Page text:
- Contributors' Notes
Jonathan Adler is a professor of philosophy at Brooklyn College, CUNY. He received a Ph.D. from Brandeis University and a D.Phil. from Oxford University. He has published articles on epistemology, the philosophy of psychology, pragmatics, and the philosophy of education. One current interest is the study of everyday reasoning as it intersects philosophy, cognitive psychology, and education.
Miri Ben-Shalom came to the United States from Israel in 1973. She completed her education at New York University's Film School and has been working as a film and videotape editor. She has worked on such Emmy Award-winning children's programs as the Children's Television's Workshop's 3-2-1 Contact and CBS's Thirty Minutes Magazine. She has also worked on acclaimed children's programs at Israeli Educational Television. During the course of her career, Ms. Ben-Shalom has come to realize her preference for working on children's programs. After 12 years of editing and post-production supervision, she has decided to move on to produce what the market is now largely lacking, quality children's videotapes. Her experience as the mother of two young children contributes to her knowledge and understanding of children's needs and to her desire to create high-quality programs for young children.
John Cech teaches children's literature in the English Department at the University of Florida. He is currently at work on a book about Maurice Sendak.
Bruce Chadwick was associated with the Brooklyn College Writing Center from 1975-1979. He has taught in New York City area colleges since 1977 and is currently an adjunct lecturer at Kingsborough Community College, CUNY. He recently completed a Master's degree in English at Georgetown University on a National Endowment for the Humanities scholarship and is now at work on a composition text-book, Steps to the Essay. [End Page 167]
Susan Drain received a Ph.D. from King's College, the University of London, in 1979. She is an assistant professor of English at Mount Saint Vincent University in Halifax, Canada, where she is able to combine and pursue many of her critical and research interests: women's studies, children's literature, nineteenth-century studies, composition, and hymnology.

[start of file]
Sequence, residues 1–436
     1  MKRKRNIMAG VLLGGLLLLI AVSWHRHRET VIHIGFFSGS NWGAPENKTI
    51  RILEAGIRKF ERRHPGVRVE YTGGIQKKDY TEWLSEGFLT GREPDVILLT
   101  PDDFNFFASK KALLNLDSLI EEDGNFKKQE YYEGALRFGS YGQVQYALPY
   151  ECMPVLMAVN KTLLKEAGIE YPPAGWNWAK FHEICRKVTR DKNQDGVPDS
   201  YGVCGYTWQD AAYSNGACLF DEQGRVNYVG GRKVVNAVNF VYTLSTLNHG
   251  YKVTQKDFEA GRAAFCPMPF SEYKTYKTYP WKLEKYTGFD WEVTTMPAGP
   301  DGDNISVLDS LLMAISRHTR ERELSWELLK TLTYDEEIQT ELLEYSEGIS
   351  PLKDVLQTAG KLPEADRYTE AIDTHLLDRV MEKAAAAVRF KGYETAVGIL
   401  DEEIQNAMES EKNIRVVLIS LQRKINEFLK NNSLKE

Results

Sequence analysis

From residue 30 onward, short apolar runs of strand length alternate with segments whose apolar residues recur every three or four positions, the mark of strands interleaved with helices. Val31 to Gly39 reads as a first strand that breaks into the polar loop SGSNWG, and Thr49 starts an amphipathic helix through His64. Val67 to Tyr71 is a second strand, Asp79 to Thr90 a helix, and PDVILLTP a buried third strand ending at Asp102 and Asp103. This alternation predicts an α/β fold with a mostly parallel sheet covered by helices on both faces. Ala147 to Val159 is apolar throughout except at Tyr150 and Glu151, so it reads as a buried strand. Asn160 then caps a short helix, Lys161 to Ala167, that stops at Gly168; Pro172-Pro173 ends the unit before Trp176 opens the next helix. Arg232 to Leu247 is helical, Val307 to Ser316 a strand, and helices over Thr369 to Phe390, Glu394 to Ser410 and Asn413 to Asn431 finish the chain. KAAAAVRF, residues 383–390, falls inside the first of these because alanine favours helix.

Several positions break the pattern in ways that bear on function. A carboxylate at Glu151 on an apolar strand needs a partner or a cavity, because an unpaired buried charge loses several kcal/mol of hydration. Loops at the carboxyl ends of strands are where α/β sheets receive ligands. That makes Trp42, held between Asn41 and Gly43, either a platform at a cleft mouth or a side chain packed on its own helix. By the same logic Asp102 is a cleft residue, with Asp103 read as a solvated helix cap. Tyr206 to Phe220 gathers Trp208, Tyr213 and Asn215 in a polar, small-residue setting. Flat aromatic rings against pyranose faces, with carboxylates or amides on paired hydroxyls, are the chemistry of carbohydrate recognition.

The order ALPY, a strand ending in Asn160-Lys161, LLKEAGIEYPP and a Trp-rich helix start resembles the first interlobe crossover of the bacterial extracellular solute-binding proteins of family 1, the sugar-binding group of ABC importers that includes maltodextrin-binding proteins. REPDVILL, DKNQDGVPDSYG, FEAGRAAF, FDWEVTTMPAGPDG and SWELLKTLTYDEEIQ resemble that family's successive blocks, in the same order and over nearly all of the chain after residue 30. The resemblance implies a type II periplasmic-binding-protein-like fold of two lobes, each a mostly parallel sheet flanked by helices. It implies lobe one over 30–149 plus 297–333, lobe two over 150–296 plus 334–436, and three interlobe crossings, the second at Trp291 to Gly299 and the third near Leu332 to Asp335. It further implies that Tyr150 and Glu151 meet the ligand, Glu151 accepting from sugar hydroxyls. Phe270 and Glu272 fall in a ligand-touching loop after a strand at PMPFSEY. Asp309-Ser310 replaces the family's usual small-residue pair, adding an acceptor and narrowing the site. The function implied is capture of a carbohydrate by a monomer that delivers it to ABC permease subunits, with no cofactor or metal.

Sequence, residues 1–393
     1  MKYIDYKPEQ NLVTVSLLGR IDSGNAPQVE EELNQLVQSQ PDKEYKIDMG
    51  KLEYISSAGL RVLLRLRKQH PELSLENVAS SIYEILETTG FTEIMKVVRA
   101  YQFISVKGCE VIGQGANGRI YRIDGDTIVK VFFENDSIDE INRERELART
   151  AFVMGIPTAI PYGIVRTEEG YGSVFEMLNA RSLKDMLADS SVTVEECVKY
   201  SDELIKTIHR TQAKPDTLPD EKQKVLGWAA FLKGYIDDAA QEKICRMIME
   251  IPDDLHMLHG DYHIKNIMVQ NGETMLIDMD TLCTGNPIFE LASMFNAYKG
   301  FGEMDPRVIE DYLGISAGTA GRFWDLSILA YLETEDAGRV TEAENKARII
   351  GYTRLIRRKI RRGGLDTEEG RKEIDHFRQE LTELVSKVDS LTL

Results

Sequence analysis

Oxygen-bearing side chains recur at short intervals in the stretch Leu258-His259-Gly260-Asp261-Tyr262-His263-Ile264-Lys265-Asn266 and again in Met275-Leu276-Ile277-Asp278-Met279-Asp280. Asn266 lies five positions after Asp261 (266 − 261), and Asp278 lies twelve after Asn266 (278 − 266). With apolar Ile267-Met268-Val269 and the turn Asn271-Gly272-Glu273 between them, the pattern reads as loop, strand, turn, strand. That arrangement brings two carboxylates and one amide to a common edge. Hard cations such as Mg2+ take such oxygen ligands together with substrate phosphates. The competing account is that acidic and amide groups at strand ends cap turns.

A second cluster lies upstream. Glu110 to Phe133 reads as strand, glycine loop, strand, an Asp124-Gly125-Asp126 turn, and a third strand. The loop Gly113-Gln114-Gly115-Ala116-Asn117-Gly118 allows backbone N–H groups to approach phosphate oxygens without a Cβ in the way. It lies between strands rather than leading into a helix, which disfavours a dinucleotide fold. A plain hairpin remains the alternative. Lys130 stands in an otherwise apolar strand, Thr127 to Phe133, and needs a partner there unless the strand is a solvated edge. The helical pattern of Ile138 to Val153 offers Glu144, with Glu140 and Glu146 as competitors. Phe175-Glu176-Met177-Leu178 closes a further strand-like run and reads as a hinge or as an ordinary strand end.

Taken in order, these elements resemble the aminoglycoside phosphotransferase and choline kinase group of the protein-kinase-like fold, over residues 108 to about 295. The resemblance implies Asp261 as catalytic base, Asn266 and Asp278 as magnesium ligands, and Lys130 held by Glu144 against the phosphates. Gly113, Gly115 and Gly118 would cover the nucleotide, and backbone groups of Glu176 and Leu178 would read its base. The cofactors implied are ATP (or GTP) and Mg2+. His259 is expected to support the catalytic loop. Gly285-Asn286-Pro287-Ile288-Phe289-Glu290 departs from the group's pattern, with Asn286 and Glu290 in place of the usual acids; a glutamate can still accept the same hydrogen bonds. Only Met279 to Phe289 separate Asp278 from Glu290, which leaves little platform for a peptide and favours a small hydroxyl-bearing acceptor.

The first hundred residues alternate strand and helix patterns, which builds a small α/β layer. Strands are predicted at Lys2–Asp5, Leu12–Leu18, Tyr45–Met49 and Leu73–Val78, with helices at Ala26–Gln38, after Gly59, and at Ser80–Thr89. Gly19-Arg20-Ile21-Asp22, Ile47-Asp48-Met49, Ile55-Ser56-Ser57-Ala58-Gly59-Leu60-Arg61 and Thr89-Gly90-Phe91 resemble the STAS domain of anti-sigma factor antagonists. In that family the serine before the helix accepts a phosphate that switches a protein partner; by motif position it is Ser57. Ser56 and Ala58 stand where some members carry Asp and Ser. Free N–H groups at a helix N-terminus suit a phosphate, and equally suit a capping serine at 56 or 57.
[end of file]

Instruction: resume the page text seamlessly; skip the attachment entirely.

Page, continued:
Ellen Freyer has been part of the Wonderworks team since 1983. The show had its first broadcast season in the fall of 1984. As production supervisor and head of the New York office, she meets with producers and writers to identify and develop properties, and is involved in all aspects of production. A former independent producer of award-winning documentaries, Ms. Freyer has an M.A. in Cinema Studies from New York University and has taught at Syracuse University, Hunter College, CUNY, and St. Peter's College.
Richard J. McGowan is an associate professor of philosophy at the Milwaukee School of Engineering, specializing in the history of ideas, medieval philosophy, ethics, and gender issues. He has written articles on these subjects for various scholarly publications.
Jamie Pastor Bolnick has written numerous magazine and newspaper articles and is the author of Winnie: "My Life in the Institution" (St. Martin's, 1985). She is currently at work on a book about New York City's homeless.
Suzanne Rahn teaches children's literature in the English Department of Pacific Lutheran University in Tacoma, Washington, and is the author of Children's Literature: An Annotated Bibliography of the History and Criticism (Garland, 1981). She has written numerous articles in the field of children's literature, including several for The Lion and the Unicorn.
Carol A. Stanger is director of the Writing Center at John Jay College of Criminal Justice. She admits to having read the Pooh stories for the first time at age forty. [End Page 168]
Mark West is an assistant professor of English at the University of North Carolina at Charlotte where he teaches children's literature. His articles have appeared in the New York Times Book Review, Children's Literature Association Quarterly, and Hartford Studies in Literature. He is currently completing Trust Your Children: Voices Against Censorship in Children's Literature, to be published by Neal-Schuman, and Children, Culture and Controversy, to be published by Archon Books.